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On anniversary of Supreme Court overturning Roe v. Wade, Florida Democrats lambaste Republicans, Trump and Sen. Rick Scott

Anthony Man and Abigail Hasebroock, South Florida Sun-Sentinel on

Published in News & Features

FORT LAUDERDALE, Fla. — A range of Democratic elected officials marked Monday’s two-year anniversary of the U.S. Supreme Court ruling overturning the Roe v. Wade constitutional protection of abortion rights. They decried the abortion restrictions implemented since then, and warned of even more restrictions on reproductive health if Republicans win November’s elections.

The prime culprit, they said, was former President Donald Trump, who appointed three of the Supreme Court justices who joined the majority in the decision Dobbs v. Jackson Women’s Health Organization that overturned Roe. They also directed a dose of outrage at U.S. Sen. Rick Scott, R-Fla.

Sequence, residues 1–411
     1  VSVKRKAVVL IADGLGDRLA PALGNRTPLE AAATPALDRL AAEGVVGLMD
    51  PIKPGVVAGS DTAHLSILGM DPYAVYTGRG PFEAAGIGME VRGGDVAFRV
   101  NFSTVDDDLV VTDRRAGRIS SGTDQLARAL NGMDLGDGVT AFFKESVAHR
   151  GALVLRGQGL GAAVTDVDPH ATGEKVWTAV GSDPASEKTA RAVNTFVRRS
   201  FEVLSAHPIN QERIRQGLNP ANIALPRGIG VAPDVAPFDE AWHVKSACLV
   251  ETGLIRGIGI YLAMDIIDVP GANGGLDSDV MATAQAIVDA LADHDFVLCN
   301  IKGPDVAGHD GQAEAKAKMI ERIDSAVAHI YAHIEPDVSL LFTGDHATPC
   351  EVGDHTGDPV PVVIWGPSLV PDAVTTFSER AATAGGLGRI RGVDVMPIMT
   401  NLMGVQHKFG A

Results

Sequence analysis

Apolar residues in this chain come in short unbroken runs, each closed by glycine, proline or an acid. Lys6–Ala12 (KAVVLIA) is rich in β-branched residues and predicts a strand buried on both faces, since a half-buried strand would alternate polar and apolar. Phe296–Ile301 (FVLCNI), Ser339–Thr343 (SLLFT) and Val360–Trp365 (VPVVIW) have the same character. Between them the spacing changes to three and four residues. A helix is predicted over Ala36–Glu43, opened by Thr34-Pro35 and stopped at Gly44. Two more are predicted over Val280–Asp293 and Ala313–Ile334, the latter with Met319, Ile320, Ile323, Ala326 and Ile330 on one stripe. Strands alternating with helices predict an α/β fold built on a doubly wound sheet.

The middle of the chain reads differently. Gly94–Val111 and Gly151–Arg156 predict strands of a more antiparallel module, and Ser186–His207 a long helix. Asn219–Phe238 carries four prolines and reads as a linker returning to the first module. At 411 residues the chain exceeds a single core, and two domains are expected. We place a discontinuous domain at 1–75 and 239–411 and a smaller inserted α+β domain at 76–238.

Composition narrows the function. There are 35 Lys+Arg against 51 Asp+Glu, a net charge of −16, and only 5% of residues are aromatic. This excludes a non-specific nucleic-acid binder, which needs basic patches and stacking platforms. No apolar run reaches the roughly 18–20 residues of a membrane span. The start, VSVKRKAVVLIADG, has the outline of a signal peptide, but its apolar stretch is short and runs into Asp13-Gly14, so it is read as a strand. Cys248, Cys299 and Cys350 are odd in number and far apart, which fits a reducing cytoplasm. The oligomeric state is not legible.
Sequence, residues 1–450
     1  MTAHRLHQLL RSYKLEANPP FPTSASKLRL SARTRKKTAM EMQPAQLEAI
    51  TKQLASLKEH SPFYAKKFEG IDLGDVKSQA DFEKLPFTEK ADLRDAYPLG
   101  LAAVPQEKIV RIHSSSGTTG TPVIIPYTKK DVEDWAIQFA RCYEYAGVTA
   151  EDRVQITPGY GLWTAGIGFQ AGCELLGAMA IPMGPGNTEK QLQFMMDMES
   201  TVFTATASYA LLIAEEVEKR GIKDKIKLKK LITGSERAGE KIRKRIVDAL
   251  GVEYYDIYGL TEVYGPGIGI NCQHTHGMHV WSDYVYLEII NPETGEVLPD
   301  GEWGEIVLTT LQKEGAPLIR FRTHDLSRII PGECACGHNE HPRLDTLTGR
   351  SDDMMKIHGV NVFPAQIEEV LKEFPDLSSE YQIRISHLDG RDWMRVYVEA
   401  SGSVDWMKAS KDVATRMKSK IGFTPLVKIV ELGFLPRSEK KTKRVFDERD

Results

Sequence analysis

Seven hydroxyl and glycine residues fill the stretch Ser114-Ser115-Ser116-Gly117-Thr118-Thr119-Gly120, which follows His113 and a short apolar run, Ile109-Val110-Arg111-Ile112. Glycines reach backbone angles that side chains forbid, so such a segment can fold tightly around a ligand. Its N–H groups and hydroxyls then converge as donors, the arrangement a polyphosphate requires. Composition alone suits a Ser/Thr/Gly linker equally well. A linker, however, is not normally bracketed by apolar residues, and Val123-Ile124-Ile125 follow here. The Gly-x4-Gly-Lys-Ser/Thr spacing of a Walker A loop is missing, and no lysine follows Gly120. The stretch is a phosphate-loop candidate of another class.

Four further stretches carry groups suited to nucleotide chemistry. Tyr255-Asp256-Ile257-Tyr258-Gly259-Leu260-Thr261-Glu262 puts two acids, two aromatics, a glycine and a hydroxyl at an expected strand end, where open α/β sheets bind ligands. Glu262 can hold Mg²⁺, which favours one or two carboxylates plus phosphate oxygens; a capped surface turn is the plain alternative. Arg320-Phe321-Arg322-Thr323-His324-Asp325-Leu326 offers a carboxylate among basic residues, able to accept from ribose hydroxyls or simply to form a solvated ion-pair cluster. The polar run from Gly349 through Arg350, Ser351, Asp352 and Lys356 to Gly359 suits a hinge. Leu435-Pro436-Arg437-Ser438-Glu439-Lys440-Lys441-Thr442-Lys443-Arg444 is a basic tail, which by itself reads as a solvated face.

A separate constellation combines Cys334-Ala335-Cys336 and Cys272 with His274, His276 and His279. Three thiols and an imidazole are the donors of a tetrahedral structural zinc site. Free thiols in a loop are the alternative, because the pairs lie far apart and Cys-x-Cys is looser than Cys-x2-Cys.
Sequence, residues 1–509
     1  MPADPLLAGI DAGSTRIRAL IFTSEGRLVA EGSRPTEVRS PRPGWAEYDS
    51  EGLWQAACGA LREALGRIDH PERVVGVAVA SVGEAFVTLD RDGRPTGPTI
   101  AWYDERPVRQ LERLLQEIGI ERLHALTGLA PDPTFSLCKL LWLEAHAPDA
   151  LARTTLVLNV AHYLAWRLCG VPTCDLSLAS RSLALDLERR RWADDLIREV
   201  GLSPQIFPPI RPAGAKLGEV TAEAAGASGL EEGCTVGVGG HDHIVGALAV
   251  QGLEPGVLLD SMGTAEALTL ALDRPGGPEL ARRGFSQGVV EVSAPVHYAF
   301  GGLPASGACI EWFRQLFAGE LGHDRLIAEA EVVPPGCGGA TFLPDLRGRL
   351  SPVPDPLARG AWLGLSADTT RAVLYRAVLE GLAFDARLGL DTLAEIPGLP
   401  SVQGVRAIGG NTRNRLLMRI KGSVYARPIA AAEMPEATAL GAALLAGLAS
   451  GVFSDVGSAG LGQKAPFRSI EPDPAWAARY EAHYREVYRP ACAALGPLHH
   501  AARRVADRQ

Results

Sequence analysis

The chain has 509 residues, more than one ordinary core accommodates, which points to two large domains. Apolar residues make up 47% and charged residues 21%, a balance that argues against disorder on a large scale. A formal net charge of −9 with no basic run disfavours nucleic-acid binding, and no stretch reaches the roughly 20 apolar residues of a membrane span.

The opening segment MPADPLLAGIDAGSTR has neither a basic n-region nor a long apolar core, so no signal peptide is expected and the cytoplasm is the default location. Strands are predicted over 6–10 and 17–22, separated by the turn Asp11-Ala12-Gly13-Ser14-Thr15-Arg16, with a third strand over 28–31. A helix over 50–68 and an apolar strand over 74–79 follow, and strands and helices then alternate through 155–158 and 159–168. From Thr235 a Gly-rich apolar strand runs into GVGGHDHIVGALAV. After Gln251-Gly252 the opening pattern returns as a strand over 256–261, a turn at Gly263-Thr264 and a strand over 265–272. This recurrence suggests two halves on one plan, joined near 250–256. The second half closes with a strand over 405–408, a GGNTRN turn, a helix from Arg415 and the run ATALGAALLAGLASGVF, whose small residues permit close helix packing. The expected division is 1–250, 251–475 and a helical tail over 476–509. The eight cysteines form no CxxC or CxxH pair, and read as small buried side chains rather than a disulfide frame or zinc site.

“Two years ago today, Trump’s Supreme MAGA court majority ripped away women’s reproductive freedoms,” said U.S. Rep. Debbie Wasserman Schultz, D-Fla. “When Trump ... proudly overturned Roe v. Wade, he delivered endless chaos, confusion and pain across America, especially here in Florida.”

“MAGA lackeys like Rick Scott helped him do it. But ultimately, Trump is responsible for these nightmares that our sisters, daughters, aunts and mothers now face,” Wasserman Schultz said. “Rick Scott and Donald Trump will never stop trying to take our rights away. It’s in their MAGA DNA.”

Democratic message